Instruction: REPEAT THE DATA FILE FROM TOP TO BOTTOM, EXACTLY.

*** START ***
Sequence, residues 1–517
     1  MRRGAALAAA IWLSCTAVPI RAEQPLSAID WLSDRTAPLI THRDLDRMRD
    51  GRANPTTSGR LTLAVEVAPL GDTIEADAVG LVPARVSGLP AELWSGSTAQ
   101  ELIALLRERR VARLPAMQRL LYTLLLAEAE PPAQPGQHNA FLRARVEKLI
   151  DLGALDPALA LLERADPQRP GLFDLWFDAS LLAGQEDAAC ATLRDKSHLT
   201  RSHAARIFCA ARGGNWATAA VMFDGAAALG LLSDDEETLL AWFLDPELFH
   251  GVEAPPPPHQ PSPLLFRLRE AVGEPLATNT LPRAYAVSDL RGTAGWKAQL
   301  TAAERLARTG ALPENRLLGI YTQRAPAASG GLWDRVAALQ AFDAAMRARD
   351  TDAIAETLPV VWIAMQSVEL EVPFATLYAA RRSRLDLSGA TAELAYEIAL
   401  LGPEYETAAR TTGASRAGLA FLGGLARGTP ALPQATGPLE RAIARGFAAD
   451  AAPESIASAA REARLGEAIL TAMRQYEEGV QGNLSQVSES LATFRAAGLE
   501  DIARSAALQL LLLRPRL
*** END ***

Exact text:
Sequence, residues 1–517
     1  MRRGAALAAA IWLSCTAVPI RAEQPLSAID WLSDRTAPLI THRDLDRMRD
    51  GRANPTTSGR LTLAVEVAPL GDTIEADAVG LVPARVSGLP AELWSGSTAQ
   101  ELIALLRERR VARLPAMQRL LYTLLLAEAE PPAQPGQHNA FLRARVEKLI
   151  DLGALDPALA LLERADPQRP GLFDLWFDAS LLAGQEDAAC ATLRDKSHLT
   201  RSHAARIFCA ARGGNWATAA VMFDGAAALG LLSDDEETLL AWFLDPELFH
   251  GVEAPPPPHQ PSPLLFRLRE AVGEPLATNT LPRAYAVSDL RGTAGWKAQL
   301  TAAERLARTG ALPENRLLGI YTQRAPAASG GLWDRVAALQ AFDAAMRARD
   351  TDAIAETLPV VWIAMQSVEL EVPFATLYAA RRSRLDLSGA TAELAYEIAL
   401  LGPEYETAAR TTGASRAGLA FLGGLARGTP ALPQATGPLE RAIARGFAAD
   451  AAPESIASAA REARLGEAIL TAMRQYEEGV QGNLSQVSES LATFRAAGLE
   501  DIARSAALQL LLLRPRL